Finally the last gasp of quarterstaff instruction, Thomas Mccarthy’s manual in 1883[12]. Allanson-Winn’s manual technically came out after Mccarthy’s but here we see the style finish it’s transformation.

No thrusts, all halfstaffing. By the 19th century it was more sport than self defence, kept alive by Victorian historical romanticism.

How you can get started

Learning British swordsmanship opens up a world of fun and fencing with new friends. It’s getting to experience history, satisfy your inner sword fan and get fit while doing it.

The best way to get started is by taking some lessons from an experienced coach and surrounding yourself with great people who’ve all been where you are. Starting from the very beginning.

Our three week beginner swordsmanship course takes you from total novice to being able to join in with group sparring and move on to other styles like Broadsword and shield devices, Smallsword, Quarterstaff, and more. You’ll learn the basics of attack and defence with the Broadsword including:

  • Footwork and posture

  • Three guards

  • Eight angles of attack

  • Three types of feints

  • Four ripostes

  • The four fundamentals of the British martial arts (Distance, Judgement, Time and Intention)

We’ll lend you a training sword and mask in class so you can get started safely. Students are allowed to spar after their first lesson but we recommend you complete the course before joining in with sparring.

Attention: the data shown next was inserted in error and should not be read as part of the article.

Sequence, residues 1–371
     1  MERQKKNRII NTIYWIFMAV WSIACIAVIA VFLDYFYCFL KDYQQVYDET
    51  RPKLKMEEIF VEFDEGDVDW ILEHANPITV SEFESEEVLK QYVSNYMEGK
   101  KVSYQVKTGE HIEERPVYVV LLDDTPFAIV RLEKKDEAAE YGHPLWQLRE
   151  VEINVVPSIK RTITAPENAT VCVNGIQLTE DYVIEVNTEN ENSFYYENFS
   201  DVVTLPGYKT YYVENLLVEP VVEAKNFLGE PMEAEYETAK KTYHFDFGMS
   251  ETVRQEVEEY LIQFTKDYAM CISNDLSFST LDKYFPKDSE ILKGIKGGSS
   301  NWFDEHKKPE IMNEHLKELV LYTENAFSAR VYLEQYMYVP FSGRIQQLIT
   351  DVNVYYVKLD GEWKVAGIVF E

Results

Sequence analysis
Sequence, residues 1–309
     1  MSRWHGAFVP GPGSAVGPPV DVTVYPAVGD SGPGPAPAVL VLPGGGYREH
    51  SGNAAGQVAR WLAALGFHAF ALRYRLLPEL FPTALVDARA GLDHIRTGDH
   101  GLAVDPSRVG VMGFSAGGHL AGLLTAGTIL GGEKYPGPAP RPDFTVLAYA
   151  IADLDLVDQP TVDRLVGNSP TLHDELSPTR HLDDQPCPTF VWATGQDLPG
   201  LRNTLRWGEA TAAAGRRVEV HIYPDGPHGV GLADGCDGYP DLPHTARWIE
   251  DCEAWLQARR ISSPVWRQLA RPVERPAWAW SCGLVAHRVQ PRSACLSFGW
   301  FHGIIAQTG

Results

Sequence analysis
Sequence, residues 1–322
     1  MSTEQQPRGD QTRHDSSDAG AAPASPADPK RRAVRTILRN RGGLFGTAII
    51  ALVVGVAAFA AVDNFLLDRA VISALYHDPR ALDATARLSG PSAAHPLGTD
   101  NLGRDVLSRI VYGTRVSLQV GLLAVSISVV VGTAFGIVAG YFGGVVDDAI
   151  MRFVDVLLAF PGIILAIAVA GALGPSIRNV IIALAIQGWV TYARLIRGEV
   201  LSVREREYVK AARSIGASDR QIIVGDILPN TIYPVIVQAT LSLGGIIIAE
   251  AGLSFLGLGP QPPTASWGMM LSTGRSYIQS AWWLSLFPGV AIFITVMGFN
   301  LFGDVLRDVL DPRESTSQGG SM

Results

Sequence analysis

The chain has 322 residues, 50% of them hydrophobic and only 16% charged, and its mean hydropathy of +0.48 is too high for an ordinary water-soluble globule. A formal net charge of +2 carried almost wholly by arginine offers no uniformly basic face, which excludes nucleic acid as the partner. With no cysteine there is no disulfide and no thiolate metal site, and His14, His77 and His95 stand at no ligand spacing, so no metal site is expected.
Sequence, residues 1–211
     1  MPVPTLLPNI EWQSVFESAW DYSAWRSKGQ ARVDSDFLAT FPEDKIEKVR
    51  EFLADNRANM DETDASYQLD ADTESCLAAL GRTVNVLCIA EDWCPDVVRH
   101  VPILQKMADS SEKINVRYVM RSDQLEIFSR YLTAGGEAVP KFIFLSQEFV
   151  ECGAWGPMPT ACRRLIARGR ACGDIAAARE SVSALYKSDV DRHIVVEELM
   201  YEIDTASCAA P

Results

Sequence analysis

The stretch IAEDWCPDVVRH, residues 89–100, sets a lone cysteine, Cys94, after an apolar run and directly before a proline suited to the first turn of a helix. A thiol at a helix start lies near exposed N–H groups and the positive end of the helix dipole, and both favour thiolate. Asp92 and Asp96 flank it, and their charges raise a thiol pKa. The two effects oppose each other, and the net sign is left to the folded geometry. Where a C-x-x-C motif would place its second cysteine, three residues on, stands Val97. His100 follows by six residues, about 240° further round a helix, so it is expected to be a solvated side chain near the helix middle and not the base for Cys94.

The beginner course is priced at £30 per person for three weeks of training, and includes a free week of membership at the end so you can get a taste of our regular classes after you finish the course.

If after your first session of training you feel like HEMA isn’t for you, we’ll refund your money no questions asked.

The course is only run once every six weeks and places are limited, it’s best to email early to reserve your place and avoid disappointment.

  1. George Silver. Brief Instructions upon Paradoxes of Defence. London; ca. 1605.

  2. Donald McBane. The Expert Swordsman’s Companion. Glasgow: J. Duncan; 1728.

  3. Allanson-Winn, Phillipps-Wolley. Broadsword and Singlestick with chapters on Quarterstaff, Bayonet, Shillalah, Walking-Stick, Umbrella and Other Weapons of Self Defence. London: George Bell & Sons; 1890.

  4. Joseph Swetnam. The Schoole of the Noble and Worthy Science of Defence. London: Nicholas Oakes; 1617.

  5. Archilbald MacGregor. MacGregor’s Lecture on the Art of Defence. Paisley: J. Neilson; 1791.

  6. Zachary Wylde. The English Master of Defence. York: John White 1711.

  7. Ben Miller. Irish Swordsmanship: Fencing and Duelling in Eighteenth Century Ireland. New York: Hudson Society Press; 2017.

  8. George Hale. The Private Schoole of Defence. London: 1614

  9. Paul Wagner. Master of Defence: The Works of George Silver. Colorado: Paladin Press; 2003.

  10. Unknown. Cotton Titus MS. A. XXV, f.105. ca. 1475.

  11. Donald McBane. The Expert Swordsman’s Companion. Glasgow: J. Duncan; 1728.

  12. Thomas McCarthy. Quarterstaff. London: 1883.